Professor Alastair Denniston is a FLIER participant, consultant ophthalmologist at University Hospitals Birmingham and honorary professor at the University of Birmingham. He is the Director of INSIGHT, a national hub for the use of large-scale data in eye health research.
Sight is the most precious of all the senses and yet across the world more than a billion people are affected by some degree of sight loss.
I know the impact of this first-hand, as my brother is blind. He lost his sight shortly after birth, and so I have seen the challenges that he has faced throughout his life. This has been a major motivator to me as I found myself drawn to a career in medicine, and then narrowing down to become an eye surgeon and eye health researcher.
As an eye specialist, I can bring the state-of- the-art knowledge and equipment to help the patients I am privileged to care for. But it is through research, that we can make ‘today’s best’ even better.
When I’m in clinic, I’m focused on one person at a time – hopefully improving their life through early diagnosis, treatments and so on. But when I do research, I’m potentially having an impact on hundreds, thousands or even millions of people.
Moving into the area of digital health and health data research – that is an area where you can make impact at a massive scale. For instance, we can take the work we do around image analysis of retinal scans and apply artificial intelligence. Tools like this could enable expert-level care that is available anywhere, 24/7, and is consistent whether it’s day or night.
I am always keen to support collaborations around my ‘North Star’ of patient benefit. We do get quite stuck in our silos, whether that’s the NHS, academia or industry, and I thought that FLIER was really innovative because it was supporting people who want to work across those sectors effectively.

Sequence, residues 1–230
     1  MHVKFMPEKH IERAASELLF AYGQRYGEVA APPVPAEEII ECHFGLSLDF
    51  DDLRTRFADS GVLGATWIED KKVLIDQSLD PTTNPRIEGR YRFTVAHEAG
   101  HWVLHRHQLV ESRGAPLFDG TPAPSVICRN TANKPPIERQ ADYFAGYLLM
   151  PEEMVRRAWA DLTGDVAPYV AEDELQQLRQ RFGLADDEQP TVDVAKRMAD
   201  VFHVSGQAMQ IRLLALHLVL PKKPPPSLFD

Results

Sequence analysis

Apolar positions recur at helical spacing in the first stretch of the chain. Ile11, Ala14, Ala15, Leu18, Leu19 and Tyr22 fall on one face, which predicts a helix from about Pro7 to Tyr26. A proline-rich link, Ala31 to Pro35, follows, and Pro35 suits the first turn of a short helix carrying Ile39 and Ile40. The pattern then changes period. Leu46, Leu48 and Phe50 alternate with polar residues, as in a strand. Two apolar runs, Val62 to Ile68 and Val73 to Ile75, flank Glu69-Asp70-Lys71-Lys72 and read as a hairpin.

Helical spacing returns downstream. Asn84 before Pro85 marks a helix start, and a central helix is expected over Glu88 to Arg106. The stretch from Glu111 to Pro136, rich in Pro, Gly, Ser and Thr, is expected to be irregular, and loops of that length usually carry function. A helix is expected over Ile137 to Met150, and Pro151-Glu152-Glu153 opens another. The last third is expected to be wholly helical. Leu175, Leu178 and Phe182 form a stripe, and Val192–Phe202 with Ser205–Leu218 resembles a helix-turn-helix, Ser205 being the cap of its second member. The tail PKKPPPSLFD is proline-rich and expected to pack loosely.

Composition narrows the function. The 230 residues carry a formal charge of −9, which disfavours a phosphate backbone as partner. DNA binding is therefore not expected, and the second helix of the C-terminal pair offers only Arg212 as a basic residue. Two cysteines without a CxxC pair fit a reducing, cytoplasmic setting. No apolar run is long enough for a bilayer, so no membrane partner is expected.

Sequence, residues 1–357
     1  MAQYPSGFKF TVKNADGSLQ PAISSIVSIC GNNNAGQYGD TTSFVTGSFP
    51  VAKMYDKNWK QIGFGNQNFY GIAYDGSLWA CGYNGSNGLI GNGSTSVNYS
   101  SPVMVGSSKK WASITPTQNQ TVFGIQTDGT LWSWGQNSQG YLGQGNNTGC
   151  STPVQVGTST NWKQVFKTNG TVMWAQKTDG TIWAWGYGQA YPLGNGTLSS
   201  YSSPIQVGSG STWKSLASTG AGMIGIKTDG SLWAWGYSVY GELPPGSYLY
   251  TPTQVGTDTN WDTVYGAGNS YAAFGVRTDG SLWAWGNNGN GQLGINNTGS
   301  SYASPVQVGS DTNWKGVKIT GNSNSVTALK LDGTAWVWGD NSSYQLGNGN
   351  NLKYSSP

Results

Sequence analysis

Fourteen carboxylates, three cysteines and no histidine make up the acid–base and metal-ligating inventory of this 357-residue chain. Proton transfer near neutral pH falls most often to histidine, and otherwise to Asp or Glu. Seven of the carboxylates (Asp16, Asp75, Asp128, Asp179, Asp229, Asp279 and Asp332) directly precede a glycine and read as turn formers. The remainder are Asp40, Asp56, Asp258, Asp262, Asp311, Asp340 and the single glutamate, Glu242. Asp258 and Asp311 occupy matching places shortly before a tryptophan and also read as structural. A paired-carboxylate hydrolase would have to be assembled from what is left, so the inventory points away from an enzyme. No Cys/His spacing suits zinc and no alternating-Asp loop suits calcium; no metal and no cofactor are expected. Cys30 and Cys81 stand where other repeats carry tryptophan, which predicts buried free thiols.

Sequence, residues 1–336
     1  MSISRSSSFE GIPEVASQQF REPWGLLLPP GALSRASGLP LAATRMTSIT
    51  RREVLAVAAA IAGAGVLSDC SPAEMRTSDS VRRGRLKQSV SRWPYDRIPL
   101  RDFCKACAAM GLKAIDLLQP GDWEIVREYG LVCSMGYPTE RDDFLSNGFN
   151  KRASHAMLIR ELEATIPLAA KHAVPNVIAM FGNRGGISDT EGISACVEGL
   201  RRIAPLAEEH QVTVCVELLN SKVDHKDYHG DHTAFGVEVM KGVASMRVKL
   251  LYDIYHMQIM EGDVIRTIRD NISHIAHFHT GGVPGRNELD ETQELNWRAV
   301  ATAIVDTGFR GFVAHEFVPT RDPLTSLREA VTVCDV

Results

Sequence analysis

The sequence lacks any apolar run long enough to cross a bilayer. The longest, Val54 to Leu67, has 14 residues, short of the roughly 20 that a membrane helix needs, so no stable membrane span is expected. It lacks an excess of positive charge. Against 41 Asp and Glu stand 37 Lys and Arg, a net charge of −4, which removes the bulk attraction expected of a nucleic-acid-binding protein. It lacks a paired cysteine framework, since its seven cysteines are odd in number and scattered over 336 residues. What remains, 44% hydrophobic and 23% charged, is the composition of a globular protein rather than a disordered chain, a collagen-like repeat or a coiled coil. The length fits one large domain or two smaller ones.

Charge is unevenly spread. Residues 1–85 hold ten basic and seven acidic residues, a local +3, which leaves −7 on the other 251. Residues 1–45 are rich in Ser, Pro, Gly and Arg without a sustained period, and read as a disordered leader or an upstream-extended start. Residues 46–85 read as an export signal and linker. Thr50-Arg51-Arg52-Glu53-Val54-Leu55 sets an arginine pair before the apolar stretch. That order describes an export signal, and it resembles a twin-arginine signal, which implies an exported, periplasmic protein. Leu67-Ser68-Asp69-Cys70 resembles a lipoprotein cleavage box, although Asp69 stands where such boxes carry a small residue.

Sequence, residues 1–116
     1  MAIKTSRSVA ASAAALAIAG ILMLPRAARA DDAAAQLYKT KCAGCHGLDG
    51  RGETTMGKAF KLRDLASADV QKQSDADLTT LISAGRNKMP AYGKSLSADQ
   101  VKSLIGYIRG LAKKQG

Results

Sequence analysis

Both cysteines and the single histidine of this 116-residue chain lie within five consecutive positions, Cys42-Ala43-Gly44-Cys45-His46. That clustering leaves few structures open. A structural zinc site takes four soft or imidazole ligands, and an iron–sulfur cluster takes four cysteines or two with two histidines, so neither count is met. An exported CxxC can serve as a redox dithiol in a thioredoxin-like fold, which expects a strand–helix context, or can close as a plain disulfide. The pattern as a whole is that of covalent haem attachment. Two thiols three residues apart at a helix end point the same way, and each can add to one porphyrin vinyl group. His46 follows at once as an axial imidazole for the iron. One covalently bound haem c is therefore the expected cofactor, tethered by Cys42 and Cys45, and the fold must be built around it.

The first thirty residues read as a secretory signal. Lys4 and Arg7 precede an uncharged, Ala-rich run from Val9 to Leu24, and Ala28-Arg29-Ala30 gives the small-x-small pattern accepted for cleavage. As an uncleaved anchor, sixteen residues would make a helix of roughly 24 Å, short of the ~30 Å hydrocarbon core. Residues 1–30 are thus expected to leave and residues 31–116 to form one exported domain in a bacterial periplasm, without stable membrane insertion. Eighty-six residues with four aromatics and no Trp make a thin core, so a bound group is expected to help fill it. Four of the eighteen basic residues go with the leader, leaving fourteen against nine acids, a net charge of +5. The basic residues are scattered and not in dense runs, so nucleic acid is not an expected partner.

The other thing that attracted me to the programme is that I don’t think I’ve ever had any formal leadership training. I’ve always learned on the job, but I was reaching that stage in my career where I was getting asked to take on quite significant leadership roles.
The major project that I have been asked to lead since starting FLIER is a really big grant with Health Data Research UK called INSIGHT. It’s a hub for research data in eye health. The project includes six organisations representing NHS, academia, industry and charity, so it’s absolutely in line with what FLIER is trying to train and prepare us for.
As director of INSIGHT, I’m working with senior people across all those organisations, bringing our various skills together to create an eye health biobank for UK and international researchers. What we’ve created is already the largest ophthalmic imaging database in the world. We’re in our fourth month of operation and making fantastic progress, but it’s also an amazing learning experience for me.
I can’t imagine leading this project without the additional confidence and training that FLIER has provided.
FLIER has helped me to see that I didn’t have to change who I was. I can have my own style of leadership, which is very collaborative, and that’s perfectly acceptable, indeed it’s a strong model of leadership. I don’t have to suddenly transform into a big macho boss who’s barking orders.
One of the first things we did on the FLIER programme was to talk about the concept of the ‘growth zone’. A lot of us have become experts in our own right and we’ve become very safe in that space. The idea of the growth zone is stepping out of that and into a place of stretch. It’s not always very comfortable, but we can recognise that we’re in a period of growth and really embrace that.
I think I’ve learnt more in the last year on the programme than I have since I first became a consultant. That was eight years ago, and I remember it was a period of rapid learning as I took on new responsibility. This last year felt like that again and it’s been wonderful.
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